FRIENDS OF THE MUSIC CONCOURSE
History of the Music Concourse
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The Music Concourse - a Beloved Part of San Francisco's History

The Music Concourse as we know it today was built in 1900, when Claus Spreckels gave his Temple of Music to the people of San Francisco. Hundreds of trees were planted in a grid pattern in the Bowl to provide shade for the concert-goers. At the dedication, one of the speakers referred to the tree grid and how future generations of San Franciscans would enjoy music under "these trees in their age and decrepitude as now in their early growth."

LANDMARKS APPLICATION
The Music Concourse has been a significant outdoor performance space that is important to San Francisco's history. According to the Landmarks application prepared by architectural historian William Kostura, "...the Music Concourse has significance at the local level as an outdoor performance space and for its association with the Park Band...for most of the twentieth centery the Concourse was one of several free cultural attractions in this part of Golden Gate Park...the Music concourse, then, represents important themes in San Francisco's cultural history."

In addition, Kostura states, "...the Music Concourse has significance at the national level as a late nineteenth century and early twentieth century urban park landscape. The landscape is an unusually complex one, with a musical performance space, dual circulation systems (for vehicles and pedestrians), trees, and many commemorative monuments. The aesthetic quality of the place is very high... Very few urban park landscape in the United States are this complex, have this level of quality, and retain this degree of integrity."

"The integrity of the district is very high. The major elements - the concourse bowl, the Temple of Music, the London plane trees, the benches, the staircases, the paths, and strets, the pedestrian tunnels, the fountains, the monuments - all survive, with remarkabley few modern intrusions." [Please note: there are elm trees and a few other species in the Bowl, which Kostura mentions elsewhere; in addition, the tunnels have now been destroyed by the present construction but are scheduled to be replaced.]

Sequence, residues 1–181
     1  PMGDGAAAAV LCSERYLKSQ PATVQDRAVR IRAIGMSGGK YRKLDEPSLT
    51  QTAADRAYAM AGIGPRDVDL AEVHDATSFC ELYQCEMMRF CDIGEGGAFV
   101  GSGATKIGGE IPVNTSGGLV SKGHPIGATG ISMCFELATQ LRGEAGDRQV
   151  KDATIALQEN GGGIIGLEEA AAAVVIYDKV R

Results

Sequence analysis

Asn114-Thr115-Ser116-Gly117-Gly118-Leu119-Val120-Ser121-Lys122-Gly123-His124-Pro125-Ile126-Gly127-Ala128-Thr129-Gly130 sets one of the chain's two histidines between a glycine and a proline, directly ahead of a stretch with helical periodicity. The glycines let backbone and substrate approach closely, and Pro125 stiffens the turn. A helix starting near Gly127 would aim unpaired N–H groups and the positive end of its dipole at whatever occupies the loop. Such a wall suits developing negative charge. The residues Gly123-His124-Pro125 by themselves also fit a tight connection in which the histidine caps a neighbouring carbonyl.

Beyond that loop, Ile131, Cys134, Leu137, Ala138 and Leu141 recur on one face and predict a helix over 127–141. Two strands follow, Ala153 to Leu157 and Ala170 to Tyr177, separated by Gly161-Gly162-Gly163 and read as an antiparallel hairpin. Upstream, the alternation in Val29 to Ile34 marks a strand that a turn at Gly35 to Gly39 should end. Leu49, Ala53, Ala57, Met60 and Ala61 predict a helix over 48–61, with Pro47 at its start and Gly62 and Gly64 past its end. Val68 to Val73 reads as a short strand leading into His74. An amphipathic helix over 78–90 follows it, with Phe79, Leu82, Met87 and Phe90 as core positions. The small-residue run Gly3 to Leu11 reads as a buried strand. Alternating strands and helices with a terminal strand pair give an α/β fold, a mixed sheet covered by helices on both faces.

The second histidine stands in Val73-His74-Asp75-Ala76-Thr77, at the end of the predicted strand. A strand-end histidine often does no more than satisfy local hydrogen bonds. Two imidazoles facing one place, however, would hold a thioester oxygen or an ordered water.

HISTORIC TREES

The historic trees are now mature. Over the years, trees have been lost due to lack of funding for specialized maintenance, vehicular damage during public events and other accidents. These trees need careful monitoring and maintenance that is threatened by our current budget cuts.

In addition, this should be a full grid, but it has been missing many trees. As part of the Surface Improvements Project, the City replanted many of the missing trees, as described in the Golden Gate Park Master Plan.  Sadly, someone (as yet unknown) attacked many of the new trees, destroying 17 of them.  New trees are scheduled to be replanted soon.
 
Friends of the Music Concourse is also advocating for replacement of all of the missing trees in front of the Bandshell. This tree grid provides shade for concert-goers on sunny days as well as protection from our rolling fogs.

Some historical Concourse structures have been lost forever due to the current construction. However, the remaining elements, such as the fountains, bandshell, and decomposed granite walking surface must be preserved and maintained.    Recently, the bandshell roof was renovated.  The fountains are under renovation and will be running again by fall, 2010.  The new benches, both in the Bowl and around the upper pathway, add needed seating to the area.  More moveable benches are needed for the larger musical events.

The character of the Bowl is formed with all of these historic features. They are an integral part of the cherished memories of visitors from all over the world.

To read the full application by William Kostura, type in: http://www.sfpix.com/landmark(space) images/index.html

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The name Friends of the Music Concourse, all text, and all photos are Copyright 2004, 2005, 2006, 2007, 2008, 2009, 2010 by K. Howard unless otherwise noted. Please contact us if you would like to use our information or photos for tree or historic preservation.